Accompanying the release, the product page for the exMHR on the company's website featured the same image, as well as an image of a Rheinmetall-MAN HX-series 6×6 truck fitted as a transporter, erector, launcher, and radar (TELAR) vehicle.

The second image was first seen at Eurosatory 2018 with Rafael Advanced Defense Systems I-Dome TELAR, with 10 Tamir missile launch containers mounted on the launch assembly, arranged in sealed ready-to-launch canisters inserted in a 2×5-cell hydraulically elevated canisterised launcher on the back of the truck. The exMHR was mounted in front, just aft of the cabin in a quad configuration, similar to the JLTV image but in an enclosed, truncated, pyramidical housing.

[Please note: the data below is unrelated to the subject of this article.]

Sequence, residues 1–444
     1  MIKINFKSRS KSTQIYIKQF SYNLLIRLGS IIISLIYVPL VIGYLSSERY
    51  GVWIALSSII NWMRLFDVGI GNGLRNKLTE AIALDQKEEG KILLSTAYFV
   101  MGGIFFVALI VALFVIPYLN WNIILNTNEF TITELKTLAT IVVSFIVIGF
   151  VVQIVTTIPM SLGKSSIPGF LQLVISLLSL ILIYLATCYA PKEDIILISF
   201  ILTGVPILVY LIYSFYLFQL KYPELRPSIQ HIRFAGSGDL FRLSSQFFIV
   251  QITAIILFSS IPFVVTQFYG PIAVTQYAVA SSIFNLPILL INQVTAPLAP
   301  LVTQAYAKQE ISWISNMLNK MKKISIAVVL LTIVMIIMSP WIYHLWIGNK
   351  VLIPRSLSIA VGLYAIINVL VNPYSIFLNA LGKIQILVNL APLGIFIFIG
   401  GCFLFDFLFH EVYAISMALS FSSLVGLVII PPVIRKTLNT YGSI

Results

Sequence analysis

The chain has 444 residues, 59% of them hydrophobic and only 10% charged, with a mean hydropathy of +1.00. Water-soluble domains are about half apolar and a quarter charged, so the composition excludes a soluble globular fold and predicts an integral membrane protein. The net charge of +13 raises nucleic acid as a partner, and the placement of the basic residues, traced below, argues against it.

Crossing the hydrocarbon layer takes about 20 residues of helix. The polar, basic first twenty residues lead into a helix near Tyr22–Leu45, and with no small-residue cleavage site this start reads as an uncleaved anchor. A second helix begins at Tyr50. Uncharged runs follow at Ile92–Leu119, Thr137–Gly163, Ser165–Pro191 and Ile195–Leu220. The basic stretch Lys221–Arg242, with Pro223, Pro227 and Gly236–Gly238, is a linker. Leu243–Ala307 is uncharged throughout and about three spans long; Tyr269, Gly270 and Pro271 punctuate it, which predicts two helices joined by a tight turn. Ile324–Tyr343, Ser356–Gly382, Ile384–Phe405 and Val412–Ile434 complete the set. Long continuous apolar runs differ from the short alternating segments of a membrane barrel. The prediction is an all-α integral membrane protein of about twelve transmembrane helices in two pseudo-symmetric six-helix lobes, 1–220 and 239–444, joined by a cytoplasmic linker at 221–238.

Get the full article by
Already a Janes subscriber? Keep reading


I/ITSEC 2021: Green Ammo shows new version of E-blanks

by Giles Ebbutt

The E-blanks simulation system shown at I/ITSEC 21: proof-of-concept M240, fully converted M4, spare magazines, drop-in bolt, sound booster, muzzle flasher, buttstock recoil booster, and Saab Gamer communications module. (Giles Ebbutt)

Norwegian company Green Ammo has developed a new version of its Electronic Blanks (E-blanks) system, which it showcased at the Interservice/Industry Training, Simulation and Education Conference 2021 (I/ITSEC 21) in Orlando, Florida, on 29 November–3 December.